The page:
For the second quarter in a row, Tasmanian farmers are the most confident and optimistic in the country, according to the latest Rabobank Rural Confidence Survey.
The survey showed that 100 per cent of Tasmanian farmers surveyed expect the current "excellent business conditions" to either continue or improve further over the next 12 months, with dairy farmer confidence particularly strong.
The latest survey, which was completed last month, found 39 per cent of the state's farmers are expecting business conditions to improve over the coming 12 months.
While this was down from 45 per cent with that view in the previous quarter, the remaining 61 per cent of Tasmanian farmers expected a continuation of current conditions.
Rabobank regional manager for Tasmania, Stuart Whatling said seasonal and business conditions right across the state were "very positive" and producer confidence was incredibly strong.
"Commodity prices are still outstanding, and farmers reaped bumper rewards from strong prices, which are forecast to continue," he said.
"July was a wetter-than-average month, and some areas seem quite soggy, however winter rainfall overall has been average, allowing late winter planting of crops to get started.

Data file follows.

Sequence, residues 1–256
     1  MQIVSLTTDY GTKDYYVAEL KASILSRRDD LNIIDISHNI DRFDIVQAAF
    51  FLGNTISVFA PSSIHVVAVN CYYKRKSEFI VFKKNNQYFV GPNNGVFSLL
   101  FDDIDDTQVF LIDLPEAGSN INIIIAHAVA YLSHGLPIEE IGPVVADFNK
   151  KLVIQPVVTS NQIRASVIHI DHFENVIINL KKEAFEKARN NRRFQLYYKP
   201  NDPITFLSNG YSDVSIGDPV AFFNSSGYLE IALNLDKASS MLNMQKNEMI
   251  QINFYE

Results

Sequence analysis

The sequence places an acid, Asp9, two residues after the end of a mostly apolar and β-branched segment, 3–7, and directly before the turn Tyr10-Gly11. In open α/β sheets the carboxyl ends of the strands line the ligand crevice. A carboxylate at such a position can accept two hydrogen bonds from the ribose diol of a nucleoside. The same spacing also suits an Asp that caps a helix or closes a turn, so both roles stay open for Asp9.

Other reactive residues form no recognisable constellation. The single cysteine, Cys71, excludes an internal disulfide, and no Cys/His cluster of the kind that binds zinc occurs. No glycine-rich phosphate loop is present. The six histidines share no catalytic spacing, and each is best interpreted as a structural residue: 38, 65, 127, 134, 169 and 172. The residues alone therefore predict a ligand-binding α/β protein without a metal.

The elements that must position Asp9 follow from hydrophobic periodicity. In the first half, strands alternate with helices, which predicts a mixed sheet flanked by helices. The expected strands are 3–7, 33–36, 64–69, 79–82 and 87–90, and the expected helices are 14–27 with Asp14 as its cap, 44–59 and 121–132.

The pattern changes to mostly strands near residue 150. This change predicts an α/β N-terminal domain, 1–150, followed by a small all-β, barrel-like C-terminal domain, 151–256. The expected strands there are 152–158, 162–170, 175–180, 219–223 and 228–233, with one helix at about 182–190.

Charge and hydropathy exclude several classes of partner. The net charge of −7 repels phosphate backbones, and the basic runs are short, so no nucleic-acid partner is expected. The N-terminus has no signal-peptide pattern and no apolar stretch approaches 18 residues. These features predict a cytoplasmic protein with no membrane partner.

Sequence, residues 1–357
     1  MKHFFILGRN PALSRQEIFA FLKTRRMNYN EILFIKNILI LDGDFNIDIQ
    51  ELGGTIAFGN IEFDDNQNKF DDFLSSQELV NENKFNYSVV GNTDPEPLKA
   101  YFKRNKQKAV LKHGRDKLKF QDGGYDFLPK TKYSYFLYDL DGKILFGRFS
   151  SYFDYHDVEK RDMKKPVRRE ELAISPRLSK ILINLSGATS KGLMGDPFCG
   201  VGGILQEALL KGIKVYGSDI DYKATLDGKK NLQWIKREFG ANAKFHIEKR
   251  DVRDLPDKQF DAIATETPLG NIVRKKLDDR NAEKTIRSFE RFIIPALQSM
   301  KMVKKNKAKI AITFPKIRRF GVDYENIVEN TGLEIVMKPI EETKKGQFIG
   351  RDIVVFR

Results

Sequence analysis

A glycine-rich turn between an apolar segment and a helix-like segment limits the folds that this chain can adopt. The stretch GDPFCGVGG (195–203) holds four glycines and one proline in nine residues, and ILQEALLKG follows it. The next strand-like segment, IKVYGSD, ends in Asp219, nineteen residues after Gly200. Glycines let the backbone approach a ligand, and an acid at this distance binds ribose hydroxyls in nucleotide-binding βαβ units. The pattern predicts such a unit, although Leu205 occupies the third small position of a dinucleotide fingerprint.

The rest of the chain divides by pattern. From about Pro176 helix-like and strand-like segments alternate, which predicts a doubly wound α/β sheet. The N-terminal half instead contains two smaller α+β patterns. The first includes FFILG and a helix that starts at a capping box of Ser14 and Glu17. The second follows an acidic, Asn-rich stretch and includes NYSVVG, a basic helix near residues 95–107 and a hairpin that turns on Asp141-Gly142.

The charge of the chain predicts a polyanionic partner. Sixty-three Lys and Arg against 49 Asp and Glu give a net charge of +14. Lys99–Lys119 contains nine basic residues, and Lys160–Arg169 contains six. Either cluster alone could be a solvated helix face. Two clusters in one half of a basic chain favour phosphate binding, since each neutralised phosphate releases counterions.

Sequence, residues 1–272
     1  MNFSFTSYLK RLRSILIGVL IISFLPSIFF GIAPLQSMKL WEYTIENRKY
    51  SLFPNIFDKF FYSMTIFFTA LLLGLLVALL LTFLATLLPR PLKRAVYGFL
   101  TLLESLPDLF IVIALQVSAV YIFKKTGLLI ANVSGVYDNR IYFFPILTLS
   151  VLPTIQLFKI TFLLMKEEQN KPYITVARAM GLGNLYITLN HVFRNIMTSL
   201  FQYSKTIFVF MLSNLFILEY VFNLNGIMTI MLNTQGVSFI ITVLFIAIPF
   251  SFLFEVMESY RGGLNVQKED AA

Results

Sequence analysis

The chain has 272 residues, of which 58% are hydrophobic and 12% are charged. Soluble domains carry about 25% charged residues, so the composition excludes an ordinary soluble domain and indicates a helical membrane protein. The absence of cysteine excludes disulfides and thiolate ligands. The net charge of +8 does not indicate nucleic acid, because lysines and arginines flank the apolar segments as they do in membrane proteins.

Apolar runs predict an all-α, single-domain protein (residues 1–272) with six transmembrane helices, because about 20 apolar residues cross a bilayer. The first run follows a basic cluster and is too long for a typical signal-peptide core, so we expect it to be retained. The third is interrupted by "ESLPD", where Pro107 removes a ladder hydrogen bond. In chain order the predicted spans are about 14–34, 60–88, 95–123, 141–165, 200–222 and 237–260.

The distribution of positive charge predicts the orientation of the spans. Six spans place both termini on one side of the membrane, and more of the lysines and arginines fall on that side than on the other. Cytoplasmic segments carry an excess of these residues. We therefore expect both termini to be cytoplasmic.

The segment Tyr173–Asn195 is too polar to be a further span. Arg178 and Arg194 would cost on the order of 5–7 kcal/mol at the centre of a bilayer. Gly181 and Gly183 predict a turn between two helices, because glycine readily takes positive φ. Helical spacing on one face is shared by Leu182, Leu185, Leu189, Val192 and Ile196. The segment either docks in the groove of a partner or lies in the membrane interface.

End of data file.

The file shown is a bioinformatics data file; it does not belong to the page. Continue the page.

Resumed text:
"The conditions entering spring are generally excellent."
Of those Tasmanian farmers with a positive outlook, more than three quarters (78 per cent) pointed to commodity prices as cause for their optimism (compared with 63 per cent in June).
Good seasonal conditions underpinned positive sentiment for 29 per cent of those expecting conditions to improve (this was 24 per cent last quarter).
Mr Whatling said livestock sector sentiment was currently excellent.
"These really are unprecedented times for Tasmanian livestock producers, with a sustained period of really good seasonal conditions and great prices, and the forecast that those conditions will be with them for a while."
Mr Whatling said a wet July, especially in Tasmania's northern region, had presented some challenges to livestock producers, but overall farmers were very upbeat and well positioned to invest and grow their businesses.
He said the biggest concerns stemming from COVID-19 restrictions were being reported in the horticulture and aquaculture sectors, particularly in terms of labour availability for the horticulture sector and the cost of air freight to get premium aquaculture products to key markets in Asia.
Dairy farmers were the most buoyant of all farmers about their income prospects in 2021/22, with 60 per cent expecting to generate a higher gross farm income.